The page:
When you’re running your own CNC business, it’s critical to have access to high-quality files of common designs such as plaques, frames, and ornaments. Although there are several options out there, many are only available if you’re willing to shell out big bucks.
Free laser cut files can be difficult to find, but they do exist (like this place) and this blog post will help you find and use them!
In this detailed guide, you’ll learn how to start a CNC business with free laser cut files, as well as how to complete the necessary research and planning in order to grow your CNC business into a full-fledged company that’s competitive in today’s marketplace.
By following these helpful tips, you can be on your way to starting your own CNC business!
I knew I wanted to start a CNC business and sell my own line of products, but I didn’t want to invest in expensive CAD software (I do design work professionally so it made sense for me not to buy software that would duplicate features in another program). Instead, I went on eBay and found some free laser cut files (which were actually just DXF or SVG files) that looked nice enough.
They came from a company called DXFforCNC, which was at first a side project for Dave Evans, who was just trying to get his business off the ground by giving away free files and seeing if people liked them. Eventually, he decided to move forward with his business idea as his main gig—selling high-quality designs—and closed off access to many of his original designs as part of that transition. That said, many people used them before they were pulled down…so they still exist!
There are countless ways to start a business. Some involve high investment, some require you to get your hands dirty and build things, and others simply require you to tap into an existing market.
There’s no one size fits all model for success in business—the best route is different for everyone, based on goals, resources, skillset, and learning curve. As such, we suggest doing lots of research to identify potential opportunities.
- What does a similar company look like?
- How many competitors do they have?
- How profitable is it?
This kind of information will help you better pinpoint specific areas where there may be opportunities for growth. If anything looks particularly interesting or lucrative, keep digging!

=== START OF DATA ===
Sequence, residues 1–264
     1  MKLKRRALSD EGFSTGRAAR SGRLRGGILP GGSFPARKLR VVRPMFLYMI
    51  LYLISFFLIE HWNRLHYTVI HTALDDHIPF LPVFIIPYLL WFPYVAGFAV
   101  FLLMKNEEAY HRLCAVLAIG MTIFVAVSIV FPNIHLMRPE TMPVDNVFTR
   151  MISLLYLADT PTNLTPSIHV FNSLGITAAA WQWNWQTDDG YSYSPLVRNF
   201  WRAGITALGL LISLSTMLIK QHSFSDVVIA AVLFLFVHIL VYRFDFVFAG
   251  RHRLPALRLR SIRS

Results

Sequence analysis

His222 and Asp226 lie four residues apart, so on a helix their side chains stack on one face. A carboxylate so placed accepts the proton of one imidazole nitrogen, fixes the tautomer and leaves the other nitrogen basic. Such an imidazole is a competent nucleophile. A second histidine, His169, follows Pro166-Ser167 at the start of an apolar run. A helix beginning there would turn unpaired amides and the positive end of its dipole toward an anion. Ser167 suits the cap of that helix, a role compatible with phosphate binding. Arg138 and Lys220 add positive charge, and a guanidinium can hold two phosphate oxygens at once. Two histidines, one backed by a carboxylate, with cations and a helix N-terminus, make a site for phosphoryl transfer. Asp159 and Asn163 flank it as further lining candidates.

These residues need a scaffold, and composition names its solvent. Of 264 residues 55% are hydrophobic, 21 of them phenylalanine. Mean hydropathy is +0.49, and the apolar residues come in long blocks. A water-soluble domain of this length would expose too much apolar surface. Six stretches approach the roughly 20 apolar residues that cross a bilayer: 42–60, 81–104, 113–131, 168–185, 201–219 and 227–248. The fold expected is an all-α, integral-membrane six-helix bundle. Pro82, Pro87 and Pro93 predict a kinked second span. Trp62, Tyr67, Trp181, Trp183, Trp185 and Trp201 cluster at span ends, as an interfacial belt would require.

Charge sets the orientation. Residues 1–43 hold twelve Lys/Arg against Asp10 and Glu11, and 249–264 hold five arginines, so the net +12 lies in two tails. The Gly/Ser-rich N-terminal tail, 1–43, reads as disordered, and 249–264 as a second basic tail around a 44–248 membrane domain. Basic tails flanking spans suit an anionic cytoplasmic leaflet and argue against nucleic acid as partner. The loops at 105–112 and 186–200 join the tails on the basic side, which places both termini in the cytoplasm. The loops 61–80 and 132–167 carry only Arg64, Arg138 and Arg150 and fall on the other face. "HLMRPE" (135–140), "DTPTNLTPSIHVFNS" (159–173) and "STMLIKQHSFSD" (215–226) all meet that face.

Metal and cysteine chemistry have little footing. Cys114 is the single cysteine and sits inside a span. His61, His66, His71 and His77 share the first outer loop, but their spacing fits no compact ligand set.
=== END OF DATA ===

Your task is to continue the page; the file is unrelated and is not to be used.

In order to get started in a new business niche, you need to establish yourself as an expert and build a reputation. The first step is creating your website, which will serve as your shop front and allow you to showcase your work. You’ll also want to focus on publishing great content so that search engines know more about you.
As your reputation grows, it becomes easier for potential clients to find you online and identify you as an expert in your field. This is especially important if there are limited competitors in your niche.
If you have no experience in your field, then chances are good that you’ll have to spend time getting to know your market and prospective customers. A common mistake is assuming that what works in one market will work in another.
To make an effective pitch, tailor it specifically for each potential client. Some questions you might ask include:
- What products or services do they already purchase?
- How do they shop?
- What else do they buy?
If you’re new to creating CNC files and selling them on websites, then pricing can be tricky. Generally speaking, high-quality files don’t cost much, but some basic math is in order: consider how many hours you expect it will take you to create a good file.
If you make $20 per hour at your day job (or $40/hour after taxes), then that same hourly rate should apply when estimating how much time it will take you to make a quality file for sale.
When you start out on your own, you may not have many connections in your local industry. We’ve found that connecting with other makers is one of our best ways. This is how to get jobs and learn from experienced professionals. You just have to know where to look.
Social media is an amazing resource for getting connected. So make sure you take advantage of it by joining groups, commenting on posts, and searching hashtags. A few networking tips: post images of your work, participate in discussions, and offer help when appropriate.
Be careful not to be too pushy or sales-y; your goal is to build relationships. Don’t expect immediate results either; building a reputation takes time! You can also use sites like LinkedIn (and Google+!) as well as going old school with printed business cards.
Starting a business can be daunting, but it doesn’t have to be. When you’re starting out, there’s no need to put any money down.
Start slow and small, until you’re comfortable enough that your idea will succeed before putting in more money or time. Have fun and good luck!